1. Highway 20 is designed to facilitate and prioritize high speed motor vehicle traffic in a manner that is dysfunctional with non-motorist usage of locally controlled, intersecting roads and ultimately incompatible with California state law
    1. The placement of 10 foot wide through traffic lanes alongside excessively wide unmarked shoulders–one 26.5 feet wide and the other 24 feet wide–does not maintain desired safety impacts organizations like NACTO (National Association of city Transportation Officials) typically associate with narrower lanes
    2. Highway 20 lacks access control elements on both of its sides through both the location of the crash and the areas surrounding it. 
      • When paired with a lack of curbs and only one partial sidewalk, the unmarked shoulders create a delineated space with little edge definition. 
      • The absence of friction communicates to motorists that speeding is an acceptable behavior within this environment. 
    3. Topographic features along the highway–including a dip near Hudson Avenue, narrower corners, and wide angles–may disorient drivers and impact their decision-making. 
    4. Roadway engineers have created multiple points of potential conflict along this highway by allowing unrestricted parking on the shoulders of the road that align with poorly defined edges of business driveways and on-site parking lots.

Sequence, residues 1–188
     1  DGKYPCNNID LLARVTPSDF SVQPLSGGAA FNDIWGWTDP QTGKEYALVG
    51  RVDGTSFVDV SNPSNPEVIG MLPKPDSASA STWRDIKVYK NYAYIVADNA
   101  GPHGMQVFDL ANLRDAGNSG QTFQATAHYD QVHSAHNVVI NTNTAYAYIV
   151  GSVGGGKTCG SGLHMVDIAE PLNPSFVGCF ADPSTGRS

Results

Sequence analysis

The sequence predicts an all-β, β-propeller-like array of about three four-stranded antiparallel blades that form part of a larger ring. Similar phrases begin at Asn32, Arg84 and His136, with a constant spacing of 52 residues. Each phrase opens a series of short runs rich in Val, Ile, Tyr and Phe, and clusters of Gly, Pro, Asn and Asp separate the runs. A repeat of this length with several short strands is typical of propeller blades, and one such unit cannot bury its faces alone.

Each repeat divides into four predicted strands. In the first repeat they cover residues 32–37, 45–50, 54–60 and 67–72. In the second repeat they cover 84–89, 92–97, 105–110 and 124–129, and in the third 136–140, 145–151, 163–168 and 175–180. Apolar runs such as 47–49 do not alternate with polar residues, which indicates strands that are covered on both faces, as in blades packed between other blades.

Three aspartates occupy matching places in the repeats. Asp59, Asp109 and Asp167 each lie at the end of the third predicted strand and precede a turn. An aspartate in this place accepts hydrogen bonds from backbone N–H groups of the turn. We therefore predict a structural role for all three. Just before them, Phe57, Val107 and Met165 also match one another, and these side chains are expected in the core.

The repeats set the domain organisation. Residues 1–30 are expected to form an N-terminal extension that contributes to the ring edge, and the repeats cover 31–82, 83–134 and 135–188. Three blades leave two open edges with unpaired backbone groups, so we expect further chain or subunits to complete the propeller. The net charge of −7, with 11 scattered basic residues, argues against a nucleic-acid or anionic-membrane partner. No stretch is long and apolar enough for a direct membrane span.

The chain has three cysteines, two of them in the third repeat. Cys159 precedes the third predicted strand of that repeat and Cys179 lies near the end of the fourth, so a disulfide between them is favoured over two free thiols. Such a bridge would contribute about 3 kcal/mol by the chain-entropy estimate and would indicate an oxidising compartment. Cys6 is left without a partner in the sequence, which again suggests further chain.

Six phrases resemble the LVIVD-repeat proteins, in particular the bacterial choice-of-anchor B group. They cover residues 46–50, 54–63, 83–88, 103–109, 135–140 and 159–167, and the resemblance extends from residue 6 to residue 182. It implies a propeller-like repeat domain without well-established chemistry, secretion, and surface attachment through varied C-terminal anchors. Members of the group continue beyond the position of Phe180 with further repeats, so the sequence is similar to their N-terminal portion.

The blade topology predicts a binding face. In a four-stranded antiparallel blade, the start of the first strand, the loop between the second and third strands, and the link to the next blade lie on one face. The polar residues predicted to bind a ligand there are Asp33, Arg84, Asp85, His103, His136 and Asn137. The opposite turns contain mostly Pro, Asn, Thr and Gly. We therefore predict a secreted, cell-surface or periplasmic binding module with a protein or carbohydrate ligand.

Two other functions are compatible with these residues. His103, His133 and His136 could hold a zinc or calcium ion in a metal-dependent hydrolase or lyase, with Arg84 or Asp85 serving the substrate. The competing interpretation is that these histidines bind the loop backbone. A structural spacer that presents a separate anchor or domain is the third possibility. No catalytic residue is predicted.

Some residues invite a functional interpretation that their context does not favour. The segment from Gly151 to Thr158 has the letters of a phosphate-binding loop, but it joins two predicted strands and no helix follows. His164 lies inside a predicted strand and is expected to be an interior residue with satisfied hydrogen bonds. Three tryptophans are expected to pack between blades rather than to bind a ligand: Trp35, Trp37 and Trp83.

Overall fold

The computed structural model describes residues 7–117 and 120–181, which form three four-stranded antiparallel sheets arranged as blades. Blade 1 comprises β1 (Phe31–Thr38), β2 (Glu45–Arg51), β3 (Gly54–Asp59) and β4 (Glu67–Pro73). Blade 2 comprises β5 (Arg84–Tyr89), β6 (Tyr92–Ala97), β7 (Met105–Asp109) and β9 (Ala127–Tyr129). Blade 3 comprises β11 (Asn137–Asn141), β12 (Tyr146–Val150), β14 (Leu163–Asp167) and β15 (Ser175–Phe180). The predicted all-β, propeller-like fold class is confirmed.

5. California Vehicle Code Section 21954 states that pedestrians on roadways should yield right-of-way to all vehicles to avoid immediate hazards, and also states that, “this section shall not relieve the driver of a vehicle from the duty to exercise due care for the safety of any pedestrian upon a roadway.” 
      • Travel at and beyond the posted speed limit through the crash location may limit drivers’ peripheral vision and reduce their awareness of pedestrians or other non-motorists.
      • This speed dynamic–in combination with other design elements listed above–may prevent motorists from exercising due care for pedestrians seeking to cross this roadway.

  2. The design speed, and observed travel speed, of Highway 20 is incompatible with pedestrian travel.  
    1. A recent speed study indicated that 69% of motorists exceeded the posted limit of 40 mph. 
    2. This study stated the 85th percentile speed, or the speed which 85% of drivers were traveling or below, to be 48 mph.
    3. Of the 543 motorists tracked during the study, 34 of them (6% of them) were driving at or above 50 mph. Nearly 63% of the tracked motorists, 342 of them to be exact, were traveling between 42 and 48 mph. This data distribution suggests that this space communicates to drivers that speeding is a low-risk behavior in this environment.
    4. The Insurance Institute for Highway Safety states that fatality rates climb for automobile collisions involving pedestrians at 25 mph. When automobile speeds exceed 40 mph, a majority of pedestrian collisions are likely to be fatal. Many of the speeds documented in this area surpass the 40 mph threshold.